which ones to use, how much & tips to pass stability tests
Lotions contain a water phase and an oil phase. Anyone who has made vinaigrette knows that oils do not dissolve in water no matter how long you shake them. As oil and water do not mix we add ingredients such as emulsifiers, stabilisers and use processing methods to help our lotion stay emulsified.
Creating an emulsion which is stable during the shelf life of the product is a challenge for most formulators. This article examines emulsions and provides guidance on how to create a stable product.
Why create an emulsion?
A common complaint of non-water containing products, such as body butters and balms are they are greasy, heavy and can be grainy. Emulsions allow oils and butters to be applied to the skin in an aesthetically pleasing fashion and offers the formulator a great degree of formulation flexibility and easy modification of characteristics such as viscosity, feel and appearance. Emulsions allow otherwise incompatible ingredients, such as oils, glycerin, actives, to be brought together in the same product.
What is an emulsion?
An emulsion can be defined as a dispersion of one material (usually the oil phase) inside another non-miscible (water) phase. However this is not a natural state – J W Gibbs, On the equilibrium of heterogeneous substances (1878), stated that “the only point in time where an emulsion is stable, is when it is completely separated”. As an emulsion will eventually separate over time, our aim is delay this separation for as long as possible.
Simple emulsions are either oil suspended in a water phase (o/w), or water suspended in oil (w/o). The emulsifier we choose determines whether the emulsion will be o/w or w/o. Most emulsions we make are o/w which are generally, more stable and easier to formulate, and this is the type of emulsion we will be discussing in this article.
What is an emulsifier?
Emulsifiers contain both a water-loving head group and an oil-loving tail. When added to an o/w emulsion, the emulsifier surrounds the oil droplet with it’s oil-loving tail extending into the oil, and it’s water-loving head facing the water. (In a w/o emulsion, the emulsifier’s orientation is reversed.) In this way, emulsifiers lower the interfacial tension between the oil and water phases, and form a protective layer around the oil phase keeping the oil droplets evenly dispersed and preventing them from flocculating.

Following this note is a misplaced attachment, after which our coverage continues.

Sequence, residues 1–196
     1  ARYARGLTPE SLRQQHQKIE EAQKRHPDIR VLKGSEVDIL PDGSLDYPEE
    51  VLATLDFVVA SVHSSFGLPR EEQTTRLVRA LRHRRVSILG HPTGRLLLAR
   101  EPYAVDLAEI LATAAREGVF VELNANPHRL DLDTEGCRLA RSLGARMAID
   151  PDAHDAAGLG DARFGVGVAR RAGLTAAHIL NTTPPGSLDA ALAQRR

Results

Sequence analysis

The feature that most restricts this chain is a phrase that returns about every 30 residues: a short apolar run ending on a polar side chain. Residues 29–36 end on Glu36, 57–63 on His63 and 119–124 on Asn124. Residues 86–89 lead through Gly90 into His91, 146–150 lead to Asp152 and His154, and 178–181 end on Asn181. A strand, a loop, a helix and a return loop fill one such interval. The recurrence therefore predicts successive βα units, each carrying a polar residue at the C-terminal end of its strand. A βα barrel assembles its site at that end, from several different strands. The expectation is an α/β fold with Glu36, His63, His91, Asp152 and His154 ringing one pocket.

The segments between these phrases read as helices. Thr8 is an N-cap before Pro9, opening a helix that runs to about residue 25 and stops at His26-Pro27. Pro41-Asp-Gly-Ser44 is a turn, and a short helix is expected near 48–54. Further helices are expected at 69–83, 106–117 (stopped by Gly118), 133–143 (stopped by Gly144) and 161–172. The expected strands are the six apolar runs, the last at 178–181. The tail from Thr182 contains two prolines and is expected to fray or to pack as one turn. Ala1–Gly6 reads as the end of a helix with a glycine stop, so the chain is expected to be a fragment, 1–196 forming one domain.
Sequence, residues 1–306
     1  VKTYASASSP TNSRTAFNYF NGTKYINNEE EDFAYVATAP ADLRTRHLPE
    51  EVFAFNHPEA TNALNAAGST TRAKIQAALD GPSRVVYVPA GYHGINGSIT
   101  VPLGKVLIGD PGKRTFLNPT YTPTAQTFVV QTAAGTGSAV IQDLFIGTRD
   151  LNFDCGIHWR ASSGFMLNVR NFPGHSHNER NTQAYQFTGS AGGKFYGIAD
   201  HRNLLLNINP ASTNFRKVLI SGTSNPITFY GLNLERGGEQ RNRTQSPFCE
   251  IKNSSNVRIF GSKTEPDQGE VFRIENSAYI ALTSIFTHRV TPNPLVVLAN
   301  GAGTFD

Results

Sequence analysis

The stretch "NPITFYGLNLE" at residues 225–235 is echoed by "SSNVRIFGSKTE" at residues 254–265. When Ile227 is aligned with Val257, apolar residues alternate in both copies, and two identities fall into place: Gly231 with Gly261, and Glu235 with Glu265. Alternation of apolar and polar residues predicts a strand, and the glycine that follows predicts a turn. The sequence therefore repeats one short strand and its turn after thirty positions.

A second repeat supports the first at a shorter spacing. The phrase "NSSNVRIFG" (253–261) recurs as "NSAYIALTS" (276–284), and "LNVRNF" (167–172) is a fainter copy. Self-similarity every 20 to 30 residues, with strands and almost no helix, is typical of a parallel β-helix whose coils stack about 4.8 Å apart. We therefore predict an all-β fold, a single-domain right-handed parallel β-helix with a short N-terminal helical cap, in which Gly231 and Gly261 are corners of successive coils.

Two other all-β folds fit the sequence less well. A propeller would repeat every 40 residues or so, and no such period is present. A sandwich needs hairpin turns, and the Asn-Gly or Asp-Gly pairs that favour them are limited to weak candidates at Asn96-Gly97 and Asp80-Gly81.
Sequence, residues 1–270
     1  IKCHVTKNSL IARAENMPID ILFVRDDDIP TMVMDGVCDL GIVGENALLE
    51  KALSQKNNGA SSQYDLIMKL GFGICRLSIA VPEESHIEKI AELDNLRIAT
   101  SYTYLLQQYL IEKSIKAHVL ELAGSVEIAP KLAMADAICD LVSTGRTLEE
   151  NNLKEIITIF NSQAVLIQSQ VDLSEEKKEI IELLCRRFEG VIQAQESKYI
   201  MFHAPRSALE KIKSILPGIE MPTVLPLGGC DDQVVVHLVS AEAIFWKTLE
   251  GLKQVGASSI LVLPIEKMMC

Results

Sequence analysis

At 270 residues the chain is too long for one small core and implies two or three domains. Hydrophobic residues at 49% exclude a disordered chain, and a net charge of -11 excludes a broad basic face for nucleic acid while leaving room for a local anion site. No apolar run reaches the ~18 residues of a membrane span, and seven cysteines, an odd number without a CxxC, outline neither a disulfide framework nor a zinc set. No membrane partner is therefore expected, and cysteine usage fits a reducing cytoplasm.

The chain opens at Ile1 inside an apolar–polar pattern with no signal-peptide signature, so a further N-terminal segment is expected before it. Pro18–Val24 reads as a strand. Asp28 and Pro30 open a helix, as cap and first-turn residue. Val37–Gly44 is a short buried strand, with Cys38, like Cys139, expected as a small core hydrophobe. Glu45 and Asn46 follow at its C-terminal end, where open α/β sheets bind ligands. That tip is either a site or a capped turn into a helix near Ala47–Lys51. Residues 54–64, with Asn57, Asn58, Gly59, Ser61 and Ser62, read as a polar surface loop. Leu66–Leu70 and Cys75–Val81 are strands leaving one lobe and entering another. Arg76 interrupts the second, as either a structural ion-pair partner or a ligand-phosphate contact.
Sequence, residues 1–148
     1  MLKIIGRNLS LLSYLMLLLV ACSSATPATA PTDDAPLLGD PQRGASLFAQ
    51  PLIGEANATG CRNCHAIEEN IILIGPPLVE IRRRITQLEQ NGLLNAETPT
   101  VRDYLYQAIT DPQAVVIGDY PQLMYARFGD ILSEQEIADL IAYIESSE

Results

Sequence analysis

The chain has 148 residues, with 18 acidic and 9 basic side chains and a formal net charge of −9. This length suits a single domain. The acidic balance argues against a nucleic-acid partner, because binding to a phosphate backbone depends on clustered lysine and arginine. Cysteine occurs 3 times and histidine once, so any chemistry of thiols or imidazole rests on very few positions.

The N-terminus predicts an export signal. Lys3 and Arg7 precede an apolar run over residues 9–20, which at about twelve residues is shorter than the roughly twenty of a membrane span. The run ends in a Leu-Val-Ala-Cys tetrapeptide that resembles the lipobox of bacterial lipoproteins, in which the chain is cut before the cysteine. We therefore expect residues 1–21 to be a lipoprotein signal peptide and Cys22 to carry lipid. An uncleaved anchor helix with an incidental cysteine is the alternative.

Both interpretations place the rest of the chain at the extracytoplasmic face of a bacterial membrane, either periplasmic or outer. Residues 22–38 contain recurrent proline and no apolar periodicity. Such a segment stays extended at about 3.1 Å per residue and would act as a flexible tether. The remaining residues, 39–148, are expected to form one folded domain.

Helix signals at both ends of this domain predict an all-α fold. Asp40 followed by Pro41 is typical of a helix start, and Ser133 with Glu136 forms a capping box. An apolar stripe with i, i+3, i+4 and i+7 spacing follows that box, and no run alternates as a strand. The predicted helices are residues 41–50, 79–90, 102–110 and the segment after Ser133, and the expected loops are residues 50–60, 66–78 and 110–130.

Cetyl alcohol and beeswax are not emulsifiers!
There are 4 main types of emulsifier:-
– Anionic (O/W), this is where the hydrophilic head groups carry a negative charge. Examples: sodium stearate, sodium stearyl glutamate, glyceryl stearate SE. These types of emulsifiers are however quite old fashioned, not as versatile, some may need a higher pH but on the plus side they tend to be quite cheap.
– Cationic (O/W) emulsifiers are where the polar hydrophilic head groups carry a positive charge, such as behentrimonium methosulfate. These emulsifiers tend to be used in conditioners and give a silky, velvet, powdery, dry feel. They can be easier to preserve however some types, for example, the shorter chain monoalkyl analogues may cause irritation.
– Non-ionic emulsifiers (W/O or O/W) are the most common emulsifier type. They are versatile and because they do not have an overall charge and so are compatible with other emulsifier types. There is a wide range available and they are generally more stable to electrolytes.
– Polymeric emulsifiers. Examples: sepigel 305, sepiplus 400, simulgel, cosmedia ACE, viscoptima SE. This kind of emulsifier operates differently from the others. The lipophilic portion of the polymer adsorbs at the oil-water interface, and the hydrophilic portion swells in the water forming a gel network around oil droplets. They are used alone or in combination with traditional emulsifiers. If used as sole emulsifier without waxy ingredients they create gel-creams, serums. They have a number of advantages, they are cold processable and so save energy and are quicker to process. They have a lower usage level than traditional emulsifiers. However the main downside is they are usually sensitive to electrolytes and sometimes shear. However this category of emulsifier is getting more and more popular and can also be used to stabilize and thicken as well as to emulsify.